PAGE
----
Why overpaying for Trevor Ariza makes sense in the long-term

Here is what we know.

The Rockets have signed Trevor Ariza to a deal worth $33.5 million over 5 years, assuming the 2009-2010 mid-level exception is set at $5.8 million.

We know that Ariza is going to start immediately.  You don't pay $33.5 million dollars to "developing prospects."  This is Ariza's chance to finally blossom into more than just a freaky athlete.

We know that Daryl Morey does more calculating than any one of us here.  He didn't sign Ariza to respond to the Lakers.  He didn't sign Ariza to appease the fans.  He signed him because he thinks it is what's best for our team and for our future.  With Daryl, you know that winning is the ultimate goal.  He's not one of those "gut" GM's.  Only after carefully looking at each and every possible scenario will Daryl pull the trigger.  If this move backfires, it won't be because we wasted money or overpaid the guy.  No blame will be placed on management.  It will be because Ariza didn't fulfill his potential, potential that Morey deems to be worth 33 million dollars.

We know that we overpaid Ariza for his talents.  He has done absolutely nothing in his five year career to merit such a huge contract.  But we also know that we could afford to overpay Ariza, with the long-term in mind.  Though we pay Ariza 5.8 million dollars per year, we only have a few other players locked up over the next couple of seasons.  Aside from Tracy McGrady and Yao Ming (potentially), Luis Scola comes off the books in 2010.  So do Brian Cook and Brent Barry.  The next season, Shane Battier, Carl Landry, and James White will become free agents, with Joey Dorsey, Aaron Brooks, and Chuck Hayes receiving team options.  In other words, we will have money to spend if we choose to do so.

We know that Ariza has plenty of room to grow, at least on the offensive end.  For now, he can catch and shoot effectively, and when he gets to the rim, he can finish with the best of them.  My main criticism of this deal is that we've never seen Ariza as the go-to guy on a team before.  He has never had to create for himself, and he has never been the primary focus of an opposing defense.  While that may be a logical criticism of Ariza, it is only because it has never been asked of him before.  Maybe, when finally given his shot, he will produce like his three previous teams thought he could.  We know he's up for the challenge.  That's why he's here, and not in Cleveland.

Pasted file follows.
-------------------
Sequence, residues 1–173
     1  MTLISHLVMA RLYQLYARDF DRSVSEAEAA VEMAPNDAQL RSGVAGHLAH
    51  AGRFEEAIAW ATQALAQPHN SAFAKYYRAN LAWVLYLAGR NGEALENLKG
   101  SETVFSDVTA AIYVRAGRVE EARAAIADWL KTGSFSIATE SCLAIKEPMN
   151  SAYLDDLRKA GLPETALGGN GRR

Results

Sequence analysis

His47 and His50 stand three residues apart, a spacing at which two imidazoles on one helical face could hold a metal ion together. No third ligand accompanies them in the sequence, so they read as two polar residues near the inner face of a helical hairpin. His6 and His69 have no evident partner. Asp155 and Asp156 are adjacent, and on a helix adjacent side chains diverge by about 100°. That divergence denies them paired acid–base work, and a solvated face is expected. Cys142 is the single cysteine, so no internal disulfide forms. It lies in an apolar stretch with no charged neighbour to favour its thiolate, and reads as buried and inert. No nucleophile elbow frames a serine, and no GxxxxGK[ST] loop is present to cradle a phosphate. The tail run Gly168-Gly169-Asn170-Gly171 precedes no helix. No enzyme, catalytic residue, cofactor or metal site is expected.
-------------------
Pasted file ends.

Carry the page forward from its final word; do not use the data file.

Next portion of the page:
To use an analogy, Von Wafer played on not three, but four teams before coming to Houston.  He could never score more than 2.4 points per game for any of them.  But once he was given a realistic shot at contributing, he practically kept our season alive in the midst of McGrady's troubles by scoring 10 points per game in limited minutes.  Take all of that improvement-through-chance, and apply it to Trevor Ariza.  As an important role player for the Lakers, Ariza scored 11.3 points per game in the playoffs.  If he can score 11 points per game as a role player in Los Angeles, what will he be able to do in Houston?  Will he have the same success, in terms of overall improvement, that Wafer had this season?  It's a tough analogy to make, given what I wrote about all of that "creating offense" and "primary focus" hoopla earlier, but it's not a far-fetched idea.  And just for the record, Ariza's entrance probably marks Wafer's exit.

We know that Ariza will only be asked to be a primary scorer for a single season.  Come next season, he may be reduced to our third or fourth scorer, which would be a great role for him.  This further leads to the idea that the Rockets are thinking down the line, and not just about next season.